EU Funded Consortium Project Sheds Light on COVID-19 Impacts on Peacebuilding

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In light of the COVID-19 pandemic, the European Union Funded project, AHA! Awareness with Human Action seeks to contribute to the response efforts of the COVID-19 pandemic by preventing conflict and building social cohesion in Pakistan, Sri Lanka, Bangladesh and broader South Asia. As part of the project kick-off, four Town Halls were hosted to explore consequences of COVID-19 within the three countries of focus and the wider South Asian region.  The first regional town hall virtually convened more than 45 peacemakers, including religious, women and youth leaders as well as wider international and national actors from South Asia, to explore the impact of COVID-19 on social cohesion and conflict prevention through context-specific dialogue.

Many participants of the town halls made similar observations regarding the impact the pandemic is having on countries throughout the region, including increased socio-economic marginalization, less access to quality education – particularly for women and girls, as well as an overall increase of gender-based discrimination and violence.  Additionally, speakers brought to the forefront the rising issue of inequalities and marginalization, especially amongst religious minority communities. These trends are often fuelled by stereotypes, misinformation and hate speech.

While countries in the wider region still have many challenges to face in order to respond to the pandemic, there are many leaders whom are already promoting solidarity an empathy, and are building peace in their communities. The role of the AHA! Project target groups – women, youth and religious leaders – as agents for peace and social cohesion has been identified as critical to engage with. Sustaining an active and inclusive civil society is key to reduce social tensions within the communities and to support sustainable peace.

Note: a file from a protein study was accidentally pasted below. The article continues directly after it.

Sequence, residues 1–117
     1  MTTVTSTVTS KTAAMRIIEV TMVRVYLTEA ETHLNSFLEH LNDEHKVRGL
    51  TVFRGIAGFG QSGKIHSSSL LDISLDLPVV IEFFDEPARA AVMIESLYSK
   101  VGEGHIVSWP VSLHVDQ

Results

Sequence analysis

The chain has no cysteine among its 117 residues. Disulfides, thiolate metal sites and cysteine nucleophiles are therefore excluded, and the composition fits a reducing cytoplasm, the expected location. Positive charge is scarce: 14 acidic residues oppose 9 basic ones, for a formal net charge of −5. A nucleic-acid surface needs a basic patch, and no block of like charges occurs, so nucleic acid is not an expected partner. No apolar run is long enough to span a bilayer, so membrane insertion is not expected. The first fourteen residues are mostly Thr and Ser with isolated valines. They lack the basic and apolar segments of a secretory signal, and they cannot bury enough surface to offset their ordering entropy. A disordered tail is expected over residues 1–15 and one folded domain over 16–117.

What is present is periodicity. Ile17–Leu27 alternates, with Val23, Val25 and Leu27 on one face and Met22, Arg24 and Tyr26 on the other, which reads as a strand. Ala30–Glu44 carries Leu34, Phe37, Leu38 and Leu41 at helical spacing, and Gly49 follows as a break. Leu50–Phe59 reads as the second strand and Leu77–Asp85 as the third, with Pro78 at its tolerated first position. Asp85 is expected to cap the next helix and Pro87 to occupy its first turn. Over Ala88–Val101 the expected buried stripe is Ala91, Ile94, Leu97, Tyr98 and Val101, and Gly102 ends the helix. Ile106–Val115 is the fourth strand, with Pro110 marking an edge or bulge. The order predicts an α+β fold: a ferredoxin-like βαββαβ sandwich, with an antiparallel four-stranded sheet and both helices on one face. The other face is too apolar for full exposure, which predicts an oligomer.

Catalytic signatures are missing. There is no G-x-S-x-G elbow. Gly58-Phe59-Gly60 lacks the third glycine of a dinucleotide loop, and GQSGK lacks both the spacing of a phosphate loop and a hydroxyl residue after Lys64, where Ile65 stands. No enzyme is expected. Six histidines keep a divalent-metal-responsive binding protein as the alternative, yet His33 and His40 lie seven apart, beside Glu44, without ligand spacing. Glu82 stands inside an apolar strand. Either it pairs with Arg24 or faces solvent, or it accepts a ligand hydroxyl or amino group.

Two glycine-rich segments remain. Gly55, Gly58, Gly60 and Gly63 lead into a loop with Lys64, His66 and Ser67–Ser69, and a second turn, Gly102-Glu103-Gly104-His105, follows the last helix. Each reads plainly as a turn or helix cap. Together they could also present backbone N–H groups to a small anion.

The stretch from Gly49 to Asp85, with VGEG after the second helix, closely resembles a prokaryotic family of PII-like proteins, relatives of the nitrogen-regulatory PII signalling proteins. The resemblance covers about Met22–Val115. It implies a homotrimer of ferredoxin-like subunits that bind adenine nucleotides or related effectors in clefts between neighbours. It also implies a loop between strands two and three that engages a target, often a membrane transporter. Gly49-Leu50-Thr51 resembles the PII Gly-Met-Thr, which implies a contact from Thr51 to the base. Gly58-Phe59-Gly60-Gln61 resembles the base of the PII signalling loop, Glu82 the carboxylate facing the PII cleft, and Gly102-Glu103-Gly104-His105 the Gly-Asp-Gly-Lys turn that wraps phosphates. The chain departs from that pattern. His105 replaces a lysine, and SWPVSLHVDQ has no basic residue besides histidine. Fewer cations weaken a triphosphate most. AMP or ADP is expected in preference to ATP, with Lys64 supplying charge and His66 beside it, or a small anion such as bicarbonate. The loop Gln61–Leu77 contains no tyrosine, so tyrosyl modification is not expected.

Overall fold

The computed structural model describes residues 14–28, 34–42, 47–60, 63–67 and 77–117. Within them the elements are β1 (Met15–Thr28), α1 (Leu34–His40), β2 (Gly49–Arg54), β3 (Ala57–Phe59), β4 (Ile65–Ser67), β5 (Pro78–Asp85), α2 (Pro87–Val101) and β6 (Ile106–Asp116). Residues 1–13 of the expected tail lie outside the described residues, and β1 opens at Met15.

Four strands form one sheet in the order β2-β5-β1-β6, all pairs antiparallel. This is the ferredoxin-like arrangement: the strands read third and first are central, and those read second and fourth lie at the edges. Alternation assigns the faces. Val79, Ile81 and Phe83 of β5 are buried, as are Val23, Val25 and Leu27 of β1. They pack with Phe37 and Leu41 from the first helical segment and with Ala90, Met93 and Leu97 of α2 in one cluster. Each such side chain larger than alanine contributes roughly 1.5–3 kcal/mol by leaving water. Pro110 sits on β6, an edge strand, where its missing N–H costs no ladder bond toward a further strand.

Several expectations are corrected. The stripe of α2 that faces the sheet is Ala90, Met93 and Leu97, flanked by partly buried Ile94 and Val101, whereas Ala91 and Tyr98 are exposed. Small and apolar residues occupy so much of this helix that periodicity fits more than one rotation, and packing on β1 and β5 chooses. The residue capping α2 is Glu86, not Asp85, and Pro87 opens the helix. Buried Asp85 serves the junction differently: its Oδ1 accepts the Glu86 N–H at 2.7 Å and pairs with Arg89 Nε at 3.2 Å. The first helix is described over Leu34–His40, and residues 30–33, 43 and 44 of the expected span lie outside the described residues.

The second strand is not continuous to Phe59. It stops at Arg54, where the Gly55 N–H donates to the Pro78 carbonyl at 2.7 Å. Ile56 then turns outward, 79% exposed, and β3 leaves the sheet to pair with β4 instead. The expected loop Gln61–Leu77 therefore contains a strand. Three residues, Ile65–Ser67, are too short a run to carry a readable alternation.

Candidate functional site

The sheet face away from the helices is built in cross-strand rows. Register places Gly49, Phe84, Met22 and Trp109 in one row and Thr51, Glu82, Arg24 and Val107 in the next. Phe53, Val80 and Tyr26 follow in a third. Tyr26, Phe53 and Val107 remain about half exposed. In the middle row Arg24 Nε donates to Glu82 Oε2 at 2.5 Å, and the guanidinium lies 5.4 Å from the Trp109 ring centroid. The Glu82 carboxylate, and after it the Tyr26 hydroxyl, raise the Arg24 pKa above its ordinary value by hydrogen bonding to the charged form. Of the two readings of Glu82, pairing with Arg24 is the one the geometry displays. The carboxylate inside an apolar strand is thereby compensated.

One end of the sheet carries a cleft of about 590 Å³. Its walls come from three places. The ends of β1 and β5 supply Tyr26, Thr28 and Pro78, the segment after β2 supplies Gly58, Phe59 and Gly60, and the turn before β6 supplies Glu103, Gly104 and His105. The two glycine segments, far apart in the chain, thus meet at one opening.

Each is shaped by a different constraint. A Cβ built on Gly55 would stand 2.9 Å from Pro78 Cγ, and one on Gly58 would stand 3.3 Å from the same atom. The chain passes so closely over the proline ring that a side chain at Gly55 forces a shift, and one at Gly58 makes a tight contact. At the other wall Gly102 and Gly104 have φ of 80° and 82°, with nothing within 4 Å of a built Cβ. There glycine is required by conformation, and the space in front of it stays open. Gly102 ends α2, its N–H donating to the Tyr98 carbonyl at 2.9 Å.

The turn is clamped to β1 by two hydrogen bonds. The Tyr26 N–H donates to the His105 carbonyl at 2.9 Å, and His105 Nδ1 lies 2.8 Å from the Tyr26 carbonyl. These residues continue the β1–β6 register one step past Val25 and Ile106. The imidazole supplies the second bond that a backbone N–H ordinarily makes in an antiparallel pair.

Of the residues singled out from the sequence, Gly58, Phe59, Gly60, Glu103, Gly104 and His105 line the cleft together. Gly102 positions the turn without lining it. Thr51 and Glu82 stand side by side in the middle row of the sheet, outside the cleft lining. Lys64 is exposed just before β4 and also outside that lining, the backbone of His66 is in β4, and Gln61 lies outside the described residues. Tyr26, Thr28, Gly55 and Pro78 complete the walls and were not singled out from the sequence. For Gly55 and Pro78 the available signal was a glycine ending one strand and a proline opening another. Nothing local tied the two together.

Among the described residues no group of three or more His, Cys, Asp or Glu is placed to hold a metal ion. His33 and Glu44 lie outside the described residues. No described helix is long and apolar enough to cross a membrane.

Youth organizations are often the first responders and have a comparative advantage over government organizations through their access to communities. For instance, we see youth groups in South Asia are self-mobilizing and collaborating with religious leaders to counter false-narratives expelled by extremist organizations and to expose false and inflammatory information. One such method is through conducting intergenerational online campaigns and webinars to promote interfaith dialogue and inter-religious tolerance, while simultaneously providing accurate information related to the pandemic. Empowering the role of women and youth within communities thus can support efforts against discrimination, help reduce grievances, and build social cohesion.

Through the content discussed at the regional town hall, three subsequent town halls were virtually hosted focusing on the AHA! project at the national level of Pakistan, Bangladesh and Sri Lanka. These town halls focused specifically on peer-to-peer knowledge exchange and exploring needed elements of support to best respond and recover from the pandemic and its consequences.

This project is funded by the European Union